I agree with Patricia Fong (October 3–9 Northwest Asian Weekly issue) that there is a big homeless problem in the Chinatown-International District (CID) and that the issues of Covid-19 exacerbate the situation even more. What I don’t agree with is the idea that removing these encampments is going to magically solve this problem. In fact, the city swept the CID encampments just a few months ago only to see the camps come right back. As a resident of the CID, I watched on May 21 as the Navigation Team, which included over 40 police officers and only four social service workers, tore down people’s camps and threw all of their possessions away. There were no plans for where people were supposed to go once the encampment was removed.
Now the camps are back. So, are we going to do the same exact thing again expecting a different result?
What we really need in the CID and this whole city is to look at what actually works in ending homelessness instead of just asking the city and the police to remove people experiencing homelessness from our sight. It doesn’t take much research to find that using the housing first model for homelessness assistance actually helps people remain stably housed. What housing first does is provide basic needs like food and a place to live before attending to other needs, like getting a job or attending to substance use issues. Different studies have shown that between 75% and 91% of households were able to remain stably housed for long periods if they were rapidly rehoused. Studies have also shown that it is cost effective, with one study showing that it costs $23,000 less to use the housing first model than to utilize a shelter and emergency service program. So, why isn’t the city using programs like this to actually end homelessness? Especially as the pandemic worsens, we should be expecting even more people to lose stable housing. In this time of world crisis, we should be showing our humanity to other people.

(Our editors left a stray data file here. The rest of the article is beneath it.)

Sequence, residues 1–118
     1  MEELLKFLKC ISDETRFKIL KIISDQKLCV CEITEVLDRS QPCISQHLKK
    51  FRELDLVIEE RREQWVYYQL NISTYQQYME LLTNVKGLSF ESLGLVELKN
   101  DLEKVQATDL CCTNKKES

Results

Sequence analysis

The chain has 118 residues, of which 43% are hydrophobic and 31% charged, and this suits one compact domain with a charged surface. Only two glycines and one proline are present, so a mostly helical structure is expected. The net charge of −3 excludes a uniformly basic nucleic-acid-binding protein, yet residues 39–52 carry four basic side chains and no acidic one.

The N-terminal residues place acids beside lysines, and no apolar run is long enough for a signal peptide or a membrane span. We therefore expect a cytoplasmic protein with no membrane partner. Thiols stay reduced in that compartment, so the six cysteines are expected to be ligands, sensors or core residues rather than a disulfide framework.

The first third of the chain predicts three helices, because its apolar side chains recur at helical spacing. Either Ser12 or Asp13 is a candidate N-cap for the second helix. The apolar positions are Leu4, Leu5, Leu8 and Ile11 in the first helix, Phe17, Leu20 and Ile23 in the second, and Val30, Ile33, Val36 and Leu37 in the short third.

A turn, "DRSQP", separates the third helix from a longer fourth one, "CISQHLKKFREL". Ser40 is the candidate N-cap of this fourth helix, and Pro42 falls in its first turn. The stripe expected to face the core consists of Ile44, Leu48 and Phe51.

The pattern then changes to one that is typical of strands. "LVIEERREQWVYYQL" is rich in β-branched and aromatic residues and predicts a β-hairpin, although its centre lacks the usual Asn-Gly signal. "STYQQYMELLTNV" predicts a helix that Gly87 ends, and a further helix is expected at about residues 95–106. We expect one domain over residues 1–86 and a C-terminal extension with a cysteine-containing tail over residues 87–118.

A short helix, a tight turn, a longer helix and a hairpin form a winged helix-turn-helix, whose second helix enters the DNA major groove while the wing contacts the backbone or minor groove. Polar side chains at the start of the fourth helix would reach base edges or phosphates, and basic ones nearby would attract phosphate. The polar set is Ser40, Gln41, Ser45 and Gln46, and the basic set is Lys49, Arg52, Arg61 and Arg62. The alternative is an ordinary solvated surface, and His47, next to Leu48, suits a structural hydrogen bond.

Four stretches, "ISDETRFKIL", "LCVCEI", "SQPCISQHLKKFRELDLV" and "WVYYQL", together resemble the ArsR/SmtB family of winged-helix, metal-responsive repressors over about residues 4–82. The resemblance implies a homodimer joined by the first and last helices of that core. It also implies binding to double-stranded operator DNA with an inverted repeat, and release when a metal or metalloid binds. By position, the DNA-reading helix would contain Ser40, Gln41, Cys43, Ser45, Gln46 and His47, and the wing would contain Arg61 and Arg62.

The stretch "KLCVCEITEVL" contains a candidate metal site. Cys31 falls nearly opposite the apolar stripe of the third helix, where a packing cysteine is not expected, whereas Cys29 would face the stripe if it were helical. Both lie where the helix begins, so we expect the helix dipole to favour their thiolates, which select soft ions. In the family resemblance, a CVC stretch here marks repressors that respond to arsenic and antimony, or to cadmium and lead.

I do think we need to contact our mayor and city council members. But, not to remove the camps with a sweep. Instead, we should ask them to use proven solutions to end homelessness in the CID so that people aren’t having to live in these conditions anymore. What I want to see in my neighborhood is for these camps to disappear, not because police came and tore them down, but because the people have found stable housing and can lead stable lives. This is a way to get to the root of the problem instead of constantly doing police sweeps, which we have seen don’t work. Let’s hold our city officials accountable for our neighborhood, but let’s try an approach that will actually work.